The odds that an patient is still taking the medications as prescribed within a year vary significantly depending on race and gender, and black and Hispanic women are the least likely to adhere to their regimen, says a new study by the University of North Carolina (UNC) at Chapel Hill.

The research, led by Gang Fang, assistant professor at the UNC Eshelman School of Pharmacy, suggest that while cardiologists are prescribing preventive medications for heart-attack patients at the time of discharge, more needs to be done to help patients stay on those medications.

The researchers examined prescription records and looked at three types of medications - statins, beta blockers and ACEIs/ARBs - for over 85,000 patients.

The results, published in the journal Circulation, showed that although there is little racial and gender disparity in getting the patients started on preventive medications, keeping them on those medications long-term is a different story.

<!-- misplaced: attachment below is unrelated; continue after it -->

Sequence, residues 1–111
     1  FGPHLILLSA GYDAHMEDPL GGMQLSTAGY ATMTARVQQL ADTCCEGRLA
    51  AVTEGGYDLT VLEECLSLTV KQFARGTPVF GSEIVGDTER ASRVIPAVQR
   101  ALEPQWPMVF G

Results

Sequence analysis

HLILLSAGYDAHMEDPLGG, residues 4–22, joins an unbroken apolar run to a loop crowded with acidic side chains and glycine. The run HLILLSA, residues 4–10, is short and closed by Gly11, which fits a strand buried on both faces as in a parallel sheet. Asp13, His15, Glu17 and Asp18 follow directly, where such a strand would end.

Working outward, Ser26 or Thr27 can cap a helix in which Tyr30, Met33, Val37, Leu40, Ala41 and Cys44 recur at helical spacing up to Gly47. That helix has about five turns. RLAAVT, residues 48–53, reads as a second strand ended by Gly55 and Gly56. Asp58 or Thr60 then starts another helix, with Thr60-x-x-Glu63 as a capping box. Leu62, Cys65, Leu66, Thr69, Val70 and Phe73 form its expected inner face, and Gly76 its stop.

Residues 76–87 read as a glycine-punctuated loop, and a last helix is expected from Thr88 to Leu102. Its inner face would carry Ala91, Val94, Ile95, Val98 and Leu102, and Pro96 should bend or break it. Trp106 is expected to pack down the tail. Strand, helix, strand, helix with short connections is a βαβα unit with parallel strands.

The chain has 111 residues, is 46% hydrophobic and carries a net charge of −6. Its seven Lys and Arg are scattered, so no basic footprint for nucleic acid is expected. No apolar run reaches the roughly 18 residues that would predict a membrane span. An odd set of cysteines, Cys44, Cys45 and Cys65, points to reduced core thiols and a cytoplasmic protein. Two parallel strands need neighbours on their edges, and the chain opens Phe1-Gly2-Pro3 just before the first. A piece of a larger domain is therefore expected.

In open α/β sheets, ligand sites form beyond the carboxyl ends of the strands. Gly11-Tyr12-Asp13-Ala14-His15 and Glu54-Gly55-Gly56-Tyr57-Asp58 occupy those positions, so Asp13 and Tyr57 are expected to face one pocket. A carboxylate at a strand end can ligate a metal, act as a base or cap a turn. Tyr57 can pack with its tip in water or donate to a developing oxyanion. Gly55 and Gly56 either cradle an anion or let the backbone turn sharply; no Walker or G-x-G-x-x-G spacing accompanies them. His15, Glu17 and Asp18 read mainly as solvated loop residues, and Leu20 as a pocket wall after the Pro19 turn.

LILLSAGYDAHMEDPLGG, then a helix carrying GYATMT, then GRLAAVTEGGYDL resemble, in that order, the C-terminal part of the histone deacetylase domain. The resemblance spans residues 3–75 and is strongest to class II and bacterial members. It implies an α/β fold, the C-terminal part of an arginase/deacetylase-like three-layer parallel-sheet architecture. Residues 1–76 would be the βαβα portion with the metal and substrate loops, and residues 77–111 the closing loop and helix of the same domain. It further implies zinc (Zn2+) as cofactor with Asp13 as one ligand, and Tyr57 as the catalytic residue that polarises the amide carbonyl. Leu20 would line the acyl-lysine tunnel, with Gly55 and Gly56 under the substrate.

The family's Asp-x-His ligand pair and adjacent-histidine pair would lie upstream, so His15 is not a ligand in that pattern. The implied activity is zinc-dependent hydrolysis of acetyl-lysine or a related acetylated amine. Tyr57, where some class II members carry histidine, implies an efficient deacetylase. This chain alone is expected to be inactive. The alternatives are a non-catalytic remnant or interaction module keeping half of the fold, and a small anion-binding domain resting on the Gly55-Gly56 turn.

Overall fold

“Adherence is a two-dimensional behaviour - the physician has to prescribe the medication and the patient has to fill the prescription,” said Fang.

The study found adherence was worse among racial minorities. Black and Hispanic patients had the lowest likelihood of adherence to beta-blockers and statins, said the study.

The study also found that women, who have worse outcomes than men after heart attacks, had worse adherence within each race group, especially in blacks and Hispanics.


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